BARCELONA, Spain (AP) — Despite vaccination rates that are the envy of other governments, Spain and Portugal are facing the harsh truth that with the new omicron variant rampant, this winter vacation won’t will not be a moment of unrestrained joy.
Portugal announced a series of new Christmas and New Year restrictions on Tuesday, making working from home compulsory and closing nightclubs and bars from Saturday evening. In addition, a negative test result must be presented to enter Portuguese cinemas, theaters, sporting events, weddings and baptisms until at least January 9.
Portugal will impose exceptional measures on Christmas Eve and Christmas Day, as well as New Year’s Eve and New Year’s Day, including having a negative test result to enter restaurants and public celebrations. And on New Year’s Eve, no more than 10 people will be able to gather on the street, and it will be forbidden to drink alcohol outside.
This happens despite nearly 87% of the Portuguese population being fully vaccinated, due to the omicron variant, which is spreading across Europe.
Spain, too, had hoped for a relaxed festive Christmas, as 80% of its population of 47 million have been vaccinated – including 90% of those over the age of 12 – and face masks are widely used.
But the incredibly rapid spread of the omicron variant is starting to put pressure on Spanish hospitals, even though experts agree that being vaccinated still dramatically reduces the risk of getting seriously ill.
Catalonia, home to the northeast city of Barcelona, is poised to become the first Spanish region to reinstate serious limitations and put a damper on holiday cheer. One in four people hospitalized in Spain with COVID-19 are in Catalonia.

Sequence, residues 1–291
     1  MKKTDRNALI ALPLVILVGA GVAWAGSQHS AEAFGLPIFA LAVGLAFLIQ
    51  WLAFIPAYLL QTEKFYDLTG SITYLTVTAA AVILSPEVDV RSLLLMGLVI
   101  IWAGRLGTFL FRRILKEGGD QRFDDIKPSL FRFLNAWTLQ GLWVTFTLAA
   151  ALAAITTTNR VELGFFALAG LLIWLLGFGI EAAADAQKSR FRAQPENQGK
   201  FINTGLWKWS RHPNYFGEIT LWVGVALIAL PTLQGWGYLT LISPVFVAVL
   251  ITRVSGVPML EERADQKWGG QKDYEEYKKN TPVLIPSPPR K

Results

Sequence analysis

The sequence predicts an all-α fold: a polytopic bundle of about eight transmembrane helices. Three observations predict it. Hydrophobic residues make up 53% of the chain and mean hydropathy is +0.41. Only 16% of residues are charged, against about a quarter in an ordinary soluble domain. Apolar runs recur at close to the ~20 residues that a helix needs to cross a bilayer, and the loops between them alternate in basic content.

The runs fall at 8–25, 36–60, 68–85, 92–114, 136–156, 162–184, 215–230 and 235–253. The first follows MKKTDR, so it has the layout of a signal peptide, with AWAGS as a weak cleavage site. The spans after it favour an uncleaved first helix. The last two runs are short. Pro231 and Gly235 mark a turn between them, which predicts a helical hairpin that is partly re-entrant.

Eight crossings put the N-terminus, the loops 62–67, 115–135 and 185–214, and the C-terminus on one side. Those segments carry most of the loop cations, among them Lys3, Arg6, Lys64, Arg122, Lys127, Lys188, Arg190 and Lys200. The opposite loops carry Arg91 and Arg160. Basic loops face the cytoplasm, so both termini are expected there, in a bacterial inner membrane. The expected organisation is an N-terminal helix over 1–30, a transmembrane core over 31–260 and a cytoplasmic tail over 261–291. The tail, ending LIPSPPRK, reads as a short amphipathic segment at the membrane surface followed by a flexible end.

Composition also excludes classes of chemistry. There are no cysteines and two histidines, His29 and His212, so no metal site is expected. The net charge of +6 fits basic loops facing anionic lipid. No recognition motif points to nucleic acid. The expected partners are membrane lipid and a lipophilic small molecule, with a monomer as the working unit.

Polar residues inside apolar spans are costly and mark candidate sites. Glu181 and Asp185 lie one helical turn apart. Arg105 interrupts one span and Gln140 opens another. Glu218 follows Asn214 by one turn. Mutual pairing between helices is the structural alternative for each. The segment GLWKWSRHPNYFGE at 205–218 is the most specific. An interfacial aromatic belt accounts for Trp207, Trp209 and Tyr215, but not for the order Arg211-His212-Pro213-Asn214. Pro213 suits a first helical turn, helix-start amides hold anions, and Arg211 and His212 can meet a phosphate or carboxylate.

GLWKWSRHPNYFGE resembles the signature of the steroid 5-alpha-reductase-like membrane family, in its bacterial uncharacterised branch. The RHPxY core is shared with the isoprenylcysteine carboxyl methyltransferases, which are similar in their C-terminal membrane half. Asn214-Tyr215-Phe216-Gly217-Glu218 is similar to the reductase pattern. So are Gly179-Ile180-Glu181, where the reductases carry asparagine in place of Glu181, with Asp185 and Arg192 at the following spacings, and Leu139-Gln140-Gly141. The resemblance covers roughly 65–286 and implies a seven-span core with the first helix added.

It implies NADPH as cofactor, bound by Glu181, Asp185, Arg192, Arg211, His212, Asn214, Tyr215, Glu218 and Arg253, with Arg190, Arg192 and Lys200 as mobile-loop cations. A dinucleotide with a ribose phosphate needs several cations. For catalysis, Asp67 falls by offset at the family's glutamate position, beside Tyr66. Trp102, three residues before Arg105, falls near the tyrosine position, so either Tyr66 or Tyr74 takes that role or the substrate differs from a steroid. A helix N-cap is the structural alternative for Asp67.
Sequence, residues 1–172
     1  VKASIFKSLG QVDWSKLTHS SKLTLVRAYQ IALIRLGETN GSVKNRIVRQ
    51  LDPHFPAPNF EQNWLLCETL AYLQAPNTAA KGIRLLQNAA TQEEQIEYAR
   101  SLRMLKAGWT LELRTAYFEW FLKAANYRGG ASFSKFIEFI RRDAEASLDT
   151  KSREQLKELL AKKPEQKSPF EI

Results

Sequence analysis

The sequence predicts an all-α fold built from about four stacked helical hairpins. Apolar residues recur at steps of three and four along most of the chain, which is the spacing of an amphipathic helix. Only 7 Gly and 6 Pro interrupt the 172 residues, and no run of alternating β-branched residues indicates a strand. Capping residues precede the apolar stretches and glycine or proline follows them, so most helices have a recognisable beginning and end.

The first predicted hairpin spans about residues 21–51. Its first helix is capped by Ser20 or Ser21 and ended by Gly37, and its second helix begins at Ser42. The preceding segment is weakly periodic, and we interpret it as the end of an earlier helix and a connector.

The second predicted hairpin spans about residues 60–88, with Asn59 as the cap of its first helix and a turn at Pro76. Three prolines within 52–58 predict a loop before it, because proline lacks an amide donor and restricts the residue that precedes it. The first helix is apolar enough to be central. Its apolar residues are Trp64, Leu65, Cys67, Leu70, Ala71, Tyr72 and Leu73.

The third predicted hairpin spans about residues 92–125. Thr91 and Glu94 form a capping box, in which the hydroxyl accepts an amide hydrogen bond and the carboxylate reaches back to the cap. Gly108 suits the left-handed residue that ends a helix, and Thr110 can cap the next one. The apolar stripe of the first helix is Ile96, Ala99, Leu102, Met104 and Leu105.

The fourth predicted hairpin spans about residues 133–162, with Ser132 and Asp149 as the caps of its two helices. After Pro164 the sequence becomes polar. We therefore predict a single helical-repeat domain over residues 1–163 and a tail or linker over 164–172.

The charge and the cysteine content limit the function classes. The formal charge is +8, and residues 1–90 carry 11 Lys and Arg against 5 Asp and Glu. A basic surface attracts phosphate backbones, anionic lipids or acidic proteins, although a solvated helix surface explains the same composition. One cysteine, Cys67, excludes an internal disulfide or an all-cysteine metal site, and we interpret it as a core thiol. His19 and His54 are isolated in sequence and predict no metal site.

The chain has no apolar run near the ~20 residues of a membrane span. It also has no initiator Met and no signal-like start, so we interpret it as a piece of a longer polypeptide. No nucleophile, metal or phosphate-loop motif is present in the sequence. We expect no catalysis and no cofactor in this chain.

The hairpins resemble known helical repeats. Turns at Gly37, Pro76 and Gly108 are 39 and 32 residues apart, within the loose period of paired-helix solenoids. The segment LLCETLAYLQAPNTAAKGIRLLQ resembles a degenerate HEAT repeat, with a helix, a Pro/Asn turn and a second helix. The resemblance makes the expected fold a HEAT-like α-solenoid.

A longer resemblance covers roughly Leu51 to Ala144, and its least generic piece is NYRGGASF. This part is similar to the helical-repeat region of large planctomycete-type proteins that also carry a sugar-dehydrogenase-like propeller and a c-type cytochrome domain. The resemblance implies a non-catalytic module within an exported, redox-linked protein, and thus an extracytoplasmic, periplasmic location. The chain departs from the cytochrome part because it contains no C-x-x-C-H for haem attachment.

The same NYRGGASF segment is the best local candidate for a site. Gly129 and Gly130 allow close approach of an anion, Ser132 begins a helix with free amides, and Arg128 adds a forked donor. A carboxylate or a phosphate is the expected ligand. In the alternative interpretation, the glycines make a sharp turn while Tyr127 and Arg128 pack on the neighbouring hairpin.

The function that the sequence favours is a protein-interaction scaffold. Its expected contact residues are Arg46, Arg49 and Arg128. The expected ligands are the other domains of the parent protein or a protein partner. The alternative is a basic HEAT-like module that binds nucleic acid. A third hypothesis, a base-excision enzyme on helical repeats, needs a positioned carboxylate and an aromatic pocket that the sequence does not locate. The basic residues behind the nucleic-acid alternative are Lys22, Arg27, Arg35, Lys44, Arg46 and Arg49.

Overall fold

“We were all hoping to spend these Christmas holidays with our family and loved ones, but unfortunately we are not in this situation,” Catalan regional president Pere Aragonès said on Tuesday. “You don’t have to look at the numbers. We all know people who have been infected.
Catalan health authorities have asked the courts to authorize a battery of measures, including a new nighttime curfew from 1 a.m. to 6 a.m., a limit of 10 people per social gathering, the closure of nightclubs and a cap on restaurants at 50. % of indoor seating and stores, gymnasiums and theaters at 70% capacity. If approved, the rules would come into force on Christmas Eve and last for 15 days, wiping out most New Year’s Eve parties.
“These measures are absolutely necessary,” said Catalonia’s regional health chief, Josep Argimon. “Infections are up 100% over the past week.”
Spain is back in the high-risk zone with more than 600 cases per 100,000 people over 14 days, more than double the cumulative cases seen before the winter holidays last year. The omicron strain rose from 5% of new cases in Spain to 47% in one week.
Catalonia’s decision comes a day before Prime Minister Pedro Sánchez will meet via video with the heads of Spain’s 17 regions to discuss new COVID-19 restrictions. Medical groups and experts are calling for more action to be taken.
“The increase in the diagnosis of new cases in clinics and hospitals … may in the short and medium term lead to a further collapse of the health system,” the Spanish association of pulmonologists said last week.
But it appears most Spanish regions are reluctant to go as far as Catalonia, which has almost 30% of its intensive care beds occupied by COVID-19 patients.
This has forced many families to take their health into their own hands. So many Spaniards rely on self-testing that there is a shortage of self-administered COVID-19 antigen tests.
Madrid’s official College of Pharmacy told The Associated Press that demand in November for home testing kits had increased by 500% in a month. Deliveries were still arriving in pharmacies but they were flying off the shelves.
Among those looking for COVID-19 test kits was Eulalia Rodríguez. Her family were planning to welcome a relative from abroad for Christmas and they were struggling to find the tests after inquiring at four different pharmacies in Madrid.
“It’s really disappointing,” Rodríguez said. “At least they give you some peace of mind.”
Parra reported from Madrid. Barry Hatton in Lisbon, Portugal contributed.
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